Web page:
For only the third time in a decade, I spotted a couple of wild horses while hiking up Mt. Garfield. While not necessarily Earth-shattering, this was the perfect degree of awesomeness at just the right moment.

Wednesday warranted a little social distancing in the form of a hike up Mt. Garfield. Even on the busiest of days, you can make this climb without encountering another individual. Fortunately, the hike did result in a run-in with some indigenous life.

Waylon Jordan
Waylon Jordan

Armed with my dumbphone, the kind that comes free with new activation, I seized the opportunity to grab a couple of photos. Whenever encountering animals my natural reaction is to leave them alone. I'm in their yard, not vice-versa.

There's been chatter on Facebook that at one point yesterday three horses were spotted at this location. In my case, only two were seen on the way up, and none were seen on the way down.

This photo was taken at what I refer to as the "first plateau." Roughly a third of the way up to Mt. Garfield you'll encounter a plateau roughly 100 yards long and several hundred yards wide. The trail cuts straight across it. On all three occasions, this is the place where I've encountered horses. The last time, back in September 2019, the horses were right off the trail. They were close enough I was able to capture a little video.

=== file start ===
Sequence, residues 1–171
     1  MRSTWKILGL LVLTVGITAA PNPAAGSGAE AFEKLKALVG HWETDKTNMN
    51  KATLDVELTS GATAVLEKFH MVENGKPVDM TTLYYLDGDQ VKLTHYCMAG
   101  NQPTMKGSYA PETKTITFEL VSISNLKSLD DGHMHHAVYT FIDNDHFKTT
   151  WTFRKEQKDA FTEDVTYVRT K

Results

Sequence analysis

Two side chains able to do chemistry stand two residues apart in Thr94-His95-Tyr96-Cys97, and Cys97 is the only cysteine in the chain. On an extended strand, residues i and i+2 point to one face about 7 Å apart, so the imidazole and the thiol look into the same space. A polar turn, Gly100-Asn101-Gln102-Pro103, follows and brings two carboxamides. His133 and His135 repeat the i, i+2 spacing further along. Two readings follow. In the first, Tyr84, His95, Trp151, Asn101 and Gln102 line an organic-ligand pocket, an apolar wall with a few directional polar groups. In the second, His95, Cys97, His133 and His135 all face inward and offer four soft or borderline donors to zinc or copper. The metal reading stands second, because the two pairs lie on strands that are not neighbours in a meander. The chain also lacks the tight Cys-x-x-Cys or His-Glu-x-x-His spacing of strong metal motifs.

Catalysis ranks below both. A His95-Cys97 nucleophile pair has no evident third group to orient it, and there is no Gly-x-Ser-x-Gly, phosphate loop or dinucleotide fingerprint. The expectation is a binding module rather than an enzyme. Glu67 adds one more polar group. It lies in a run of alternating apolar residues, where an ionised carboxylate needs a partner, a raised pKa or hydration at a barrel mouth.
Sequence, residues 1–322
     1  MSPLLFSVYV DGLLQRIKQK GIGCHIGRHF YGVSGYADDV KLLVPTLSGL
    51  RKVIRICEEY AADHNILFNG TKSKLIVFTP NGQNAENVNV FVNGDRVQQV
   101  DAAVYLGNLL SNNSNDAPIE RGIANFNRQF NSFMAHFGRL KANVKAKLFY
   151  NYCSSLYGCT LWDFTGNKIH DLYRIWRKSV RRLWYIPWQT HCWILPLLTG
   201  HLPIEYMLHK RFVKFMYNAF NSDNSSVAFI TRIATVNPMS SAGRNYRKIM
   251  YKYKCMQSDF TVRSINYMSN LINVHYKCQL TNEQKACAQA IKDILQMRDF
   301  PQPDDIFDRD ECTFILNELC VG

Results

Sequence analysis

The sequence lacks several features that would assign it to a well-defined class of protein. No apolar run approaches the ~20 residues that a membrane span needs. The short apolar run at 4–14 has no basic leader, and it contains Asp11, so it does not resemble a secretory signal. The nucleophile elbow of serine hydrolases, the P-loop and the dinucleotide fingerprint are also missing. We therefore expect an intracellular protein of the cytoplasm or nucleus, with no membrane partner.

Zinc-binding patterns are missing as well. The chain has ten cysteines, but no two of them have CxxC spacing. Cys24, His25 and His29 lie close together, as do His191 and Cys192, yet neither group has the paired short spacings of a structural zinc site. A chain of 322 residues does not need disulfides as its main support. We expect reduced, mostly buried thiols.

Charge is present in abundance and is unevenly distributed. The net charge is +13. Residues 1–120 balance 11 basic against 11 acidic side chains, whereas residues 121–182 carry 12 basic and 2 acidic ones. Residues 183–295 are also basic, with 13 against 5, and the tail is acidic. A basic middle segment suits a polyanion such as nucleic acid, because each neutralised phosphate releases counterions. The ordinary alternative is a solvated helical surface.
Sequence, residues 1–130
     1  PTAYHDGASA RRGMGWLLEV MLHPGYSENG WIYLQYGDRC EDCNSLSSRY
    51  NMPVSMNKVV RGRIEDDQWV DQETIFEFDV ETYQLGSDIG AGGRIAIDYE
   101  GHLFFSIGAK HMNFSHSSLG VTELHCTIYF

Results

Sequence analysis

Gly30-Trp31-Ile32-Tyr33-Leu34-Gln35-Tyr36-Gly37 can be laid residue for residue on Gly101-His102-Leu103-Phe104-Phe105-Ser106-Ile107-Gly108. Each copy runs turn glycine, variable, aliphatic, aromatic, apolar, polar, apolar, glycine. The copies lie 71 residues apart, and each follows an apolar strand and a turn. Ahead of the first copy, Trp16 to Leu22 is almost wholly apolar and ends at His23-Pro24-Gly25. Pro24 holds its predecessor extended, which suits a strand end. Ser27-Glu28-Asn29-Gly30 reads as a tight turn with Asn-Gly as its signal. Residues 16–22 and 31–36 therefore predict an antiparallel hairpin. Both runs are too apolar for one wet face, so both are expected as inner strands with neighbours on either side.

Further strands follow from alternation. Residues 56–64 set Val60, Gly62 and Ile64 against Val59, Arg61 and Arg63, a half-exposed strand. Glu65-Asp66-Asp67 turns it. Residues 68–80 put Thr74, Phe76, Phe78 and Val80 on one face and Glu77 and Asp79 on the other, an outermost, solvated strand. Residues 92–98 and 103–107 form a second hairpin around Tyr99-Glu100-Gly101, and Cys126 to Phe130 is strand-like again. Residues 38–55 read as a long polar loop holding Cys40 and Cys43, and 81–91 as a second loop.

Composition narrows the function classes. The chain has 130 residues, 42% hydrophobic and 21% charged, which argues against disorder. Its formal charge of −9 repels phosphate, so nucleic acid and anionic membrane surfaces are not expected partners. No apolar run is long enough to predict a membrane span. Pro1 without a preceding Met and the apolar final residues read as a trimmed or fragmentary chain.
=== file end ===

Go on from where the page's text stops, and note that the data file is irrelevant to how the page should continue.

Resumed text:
Before we go any further, there is the matter of making a distinction between "wild" horses and "feral" horses. According to Wikipedia:

A feral horse is a free-roaming horse of domesticated stock. As such, a feral horse is not a wild animal in the sense of an animal without domesticated ancestors. However, some populations of feral horses are managed as wildlife, and these horses often are popularly called "wild" horses.


In any case, they are extremely cool, and the perfect finishing touch to a climb up the Bookcliffs.

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